So supposedly this recipe will get your man to propose to you...
Serves 2 to 4
* 1 whole chicken (approximately 4 pounds)
* 1/2 cup fresh lemon juice, plus 3 whole lemons—including 1 sliced for garnish
* 1 tablespoon kosher or coarse sea salt
* 1/2 teaspoon freshly ground pepper
* Fresh herbs for garnish (4 rosemary sprigs, 4 sage sprigs, 8 thyme sprigs, and 1 bunch flat-leaf parsley)
1. Position an oven rack in the upper third of the oven and preheat the oven to 400°F. Remove the giblets from the chicken, wash the chicken inside and out with cold water, then let the chicken drain, cavity down, in a colander for 2 minutes.
2. Pat the chicken dry with paper towels. Place the chicken breast-side down in a medium roasting pan fi tted with a rack and pour the lemon juice all over the chicken, both inside and out. Season the chicken all over with salt and pepper inside and out.
3. Prick 2 whole lemons three times each in three different places with a fork and place them deep inside the cavity. Chicken cavity size may vary, so if one lemon is partly sticking out, that’s fine. (Tip: If the lemons are stiff, roll them on the countertop with your palm before pricking to get the juices flowing.)
4. Put the chicken in the oven, lower the oven temperature to 350°F, and roast, uncovered, for 15 minutes.
5. Remove the roasting pan from the oven. Using tongs, turn the chicken breast- side up. Insert a meat thermometer in the thigh, and return the chicken to the oven and roast for about 1 hour to 1 hour and 15 minutes or until the meat thermometer reads 180°F and the juices run clear when the thigh is pricked with a fork. Continue roasting if necessary. Keep in mind that cooking times in different ovens vary; roasting a chicken at 350°F takes approximately 18-20 minutes per pound, plus an additional 15 minutes.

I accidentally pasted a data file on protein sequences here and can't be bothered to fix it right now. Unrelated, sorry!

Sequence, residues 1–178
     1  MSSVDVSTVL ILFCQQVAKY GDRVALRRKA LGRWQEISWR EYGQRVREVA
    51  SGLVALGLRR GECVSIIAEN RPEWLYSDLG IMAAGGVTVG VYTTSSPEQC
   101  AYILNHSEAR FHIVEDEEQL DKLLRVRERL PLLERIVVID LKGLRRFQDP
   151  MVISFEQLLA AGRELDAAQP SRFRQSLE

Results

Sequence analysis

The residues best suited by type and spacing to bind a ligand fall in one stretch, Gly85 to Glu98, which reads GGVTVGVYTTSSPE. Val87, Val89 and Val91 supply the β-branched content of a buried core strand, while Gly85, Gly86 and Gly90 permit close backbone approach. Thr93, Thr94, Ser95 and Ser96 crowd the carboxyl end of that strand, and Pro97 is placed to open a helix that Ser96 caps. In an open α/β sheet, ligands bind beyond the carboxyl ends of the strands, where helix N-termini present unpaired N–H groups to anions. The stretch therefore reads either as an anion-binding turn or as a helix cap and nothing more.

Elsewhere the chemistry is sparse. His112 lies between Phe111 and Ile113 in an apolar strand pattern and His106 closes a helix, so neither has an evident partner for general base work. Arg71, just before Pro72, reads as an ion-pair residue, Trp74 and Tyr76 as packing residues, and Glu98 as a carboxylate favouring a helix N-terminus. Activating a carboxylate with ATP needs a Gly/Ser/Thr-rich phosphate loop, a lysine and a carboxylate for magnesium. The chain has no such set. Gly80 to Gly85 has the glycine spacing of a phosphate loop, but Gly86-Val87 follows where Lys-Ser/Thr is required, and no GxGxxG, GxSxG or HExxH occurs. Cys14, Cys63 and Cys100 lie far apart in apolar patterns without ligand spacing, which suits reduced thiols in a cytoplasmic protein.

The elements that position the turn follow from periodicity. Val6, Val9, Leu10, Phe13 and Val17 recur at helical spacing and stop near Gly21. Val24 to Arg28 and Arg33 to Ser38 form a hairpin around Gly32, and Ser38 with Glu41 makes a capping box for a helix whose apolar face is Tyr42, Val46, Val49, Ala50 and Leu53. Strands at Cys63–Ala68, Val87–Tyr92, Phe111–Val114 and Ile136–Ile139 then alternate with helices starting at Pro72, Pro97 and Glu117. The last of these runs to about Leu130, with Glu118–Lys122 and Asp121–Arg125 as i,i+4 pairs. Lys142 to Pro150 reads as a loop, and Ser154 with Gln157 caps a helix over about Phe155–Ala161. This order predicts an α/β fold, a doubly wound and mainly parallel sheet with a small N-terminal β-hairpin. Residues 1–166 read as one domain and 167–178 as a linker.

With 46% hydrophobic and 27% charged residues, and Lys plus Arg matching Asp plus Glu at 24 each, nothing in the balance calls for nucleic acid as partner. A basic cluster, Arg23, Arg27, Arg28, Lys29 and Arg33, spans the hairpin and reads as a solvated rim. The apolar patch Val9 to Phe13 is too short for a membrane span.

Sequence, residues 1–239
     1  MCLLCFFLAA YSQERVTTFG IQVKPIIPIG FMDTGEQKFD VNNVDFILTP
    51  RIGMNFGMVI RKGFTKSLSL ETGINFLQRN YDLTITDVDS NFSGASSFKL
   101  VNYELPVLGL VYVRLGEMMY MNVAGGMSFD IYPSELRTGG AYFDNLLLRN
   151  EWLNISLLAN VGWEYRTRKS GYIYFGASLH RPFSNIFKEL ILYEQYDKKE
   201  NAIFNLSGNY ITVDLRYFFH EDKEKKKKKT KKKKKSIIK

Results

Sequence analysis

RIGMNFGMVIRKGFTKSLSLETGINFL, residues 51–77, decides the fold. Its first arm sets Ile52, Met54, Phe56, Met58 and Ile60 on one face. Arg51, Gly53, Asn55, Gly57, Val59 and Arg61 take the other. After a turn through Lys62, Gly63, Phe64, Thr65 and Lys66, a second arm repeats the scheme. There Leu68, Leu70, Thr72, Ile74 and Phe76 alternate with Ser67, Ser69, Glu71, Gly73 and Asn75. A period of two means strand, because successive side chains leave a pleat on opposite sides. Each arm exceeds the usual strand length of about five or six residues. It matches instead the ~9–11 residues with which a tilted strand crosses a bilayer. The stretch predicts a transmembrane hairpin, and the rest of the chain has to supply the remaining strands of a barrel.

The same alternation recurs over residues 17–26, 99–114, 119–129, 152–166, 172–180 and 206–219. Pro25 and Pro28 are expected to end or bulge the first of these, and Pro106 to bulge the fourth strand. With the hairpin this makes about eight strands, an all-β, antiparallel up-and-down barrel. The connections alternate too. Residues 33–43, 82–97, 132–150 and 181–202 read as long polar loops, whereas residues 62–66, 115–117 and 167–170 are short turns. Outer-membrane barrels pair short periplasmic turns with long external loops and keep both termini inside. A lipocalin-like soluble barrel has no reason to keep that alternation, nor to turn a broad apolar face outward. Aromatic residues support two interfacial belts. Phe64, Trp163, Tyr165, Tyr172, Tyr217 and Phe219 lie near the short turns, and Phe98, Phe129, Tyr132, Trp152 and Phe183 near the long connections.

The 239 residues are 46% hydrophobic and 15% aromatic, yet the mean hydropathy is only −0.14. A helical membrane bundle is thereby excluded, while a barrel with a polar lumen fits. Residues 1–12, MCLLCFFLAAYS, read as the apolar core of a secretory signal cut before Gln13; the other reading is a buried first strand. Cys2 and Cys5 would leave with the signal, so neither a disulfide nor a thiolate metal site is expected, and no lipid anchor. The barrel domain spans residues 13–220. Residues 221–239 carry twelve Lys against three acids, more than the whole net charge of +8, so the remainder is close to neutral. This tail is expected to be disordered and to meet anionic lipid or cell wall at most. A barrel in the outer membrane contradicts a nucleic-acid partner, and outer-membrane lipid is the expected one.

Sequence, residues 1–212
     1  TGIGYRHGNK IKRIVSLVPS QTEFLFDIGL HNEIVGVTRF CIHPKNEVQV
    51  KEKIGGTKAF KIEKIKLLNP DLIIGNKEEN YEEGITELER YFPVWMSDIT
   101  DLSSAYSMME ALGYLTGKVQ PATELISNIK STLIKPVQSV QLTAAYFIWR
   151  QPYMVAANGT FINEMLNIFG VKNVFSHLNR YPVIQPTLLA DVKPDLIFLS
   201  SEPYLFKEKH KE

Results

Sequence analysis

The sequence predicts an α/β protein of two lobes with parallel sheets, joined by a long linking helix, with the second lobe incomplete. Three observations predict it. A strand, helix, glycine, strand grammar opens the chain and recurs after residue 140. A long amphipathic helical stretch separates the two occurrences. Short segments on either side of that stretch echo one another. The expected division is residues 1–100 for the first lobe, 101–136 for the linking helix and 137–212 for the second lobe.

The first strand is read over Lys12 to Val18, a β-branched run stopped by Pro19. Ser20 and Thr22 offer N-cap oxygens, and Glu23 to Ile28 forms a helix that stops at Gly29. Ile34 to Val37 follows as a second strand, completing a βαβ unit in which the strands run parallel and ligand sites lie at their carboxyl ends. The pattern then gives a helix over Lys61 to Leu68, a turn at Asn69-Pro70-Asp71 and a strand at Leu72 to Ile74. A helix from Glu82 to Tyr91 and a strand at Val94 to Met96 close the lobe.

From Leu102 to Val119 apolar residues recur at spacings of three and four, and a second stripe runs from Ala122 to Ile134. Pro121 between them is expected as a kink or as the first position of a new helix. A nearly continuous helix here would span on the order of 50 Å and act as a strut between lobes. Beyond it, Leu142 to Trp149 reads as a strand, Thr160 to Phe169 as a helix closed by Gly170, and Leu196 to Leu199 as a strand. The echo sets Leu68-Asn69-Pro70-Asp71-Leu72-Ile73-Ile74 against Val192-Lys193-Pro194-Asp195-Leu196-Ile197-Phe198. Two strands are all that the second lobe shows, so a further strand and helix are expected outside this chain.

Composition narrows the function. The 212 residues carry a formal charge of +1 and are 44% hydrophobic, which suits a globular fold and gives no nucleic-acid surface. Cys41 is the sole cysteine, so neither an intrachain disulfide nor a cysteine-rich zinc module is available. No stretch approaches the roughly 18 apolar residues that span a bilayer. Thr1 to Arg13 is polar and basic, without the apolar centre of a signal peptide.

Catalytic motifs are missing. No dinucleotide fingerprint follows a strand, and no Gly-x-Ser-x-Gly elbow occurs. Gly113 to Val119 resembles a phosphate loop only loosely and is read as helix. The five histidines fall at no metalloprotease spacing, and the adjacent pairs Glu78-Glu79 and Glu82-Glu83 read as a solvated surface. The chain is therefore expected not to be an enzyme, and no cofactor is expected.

6. Let the chicken rest for 10 minutes before carving. And here’s the secret: Pour the juices from the roasting pan on top of the sliced chicken— this is the “marry me juice.” Garnish with fresh herbs and lemon slices.
There are many different buzz words that explain this phenomenon: flexitarian, semi-vegetarian, and week day vegetarian; where you only eat meat on the week-ends. But anyway you want to say it, you are cutting back on the meat you eat. Some do it for health reasons, animal rights, the environment or all of the above!
Removing high fructose corn syrup and preservatives from our table.
This is my on-line recipe book with my adventures into finding healthy food for my family to eat....
Trying to cook more from scratch with less prepared foods.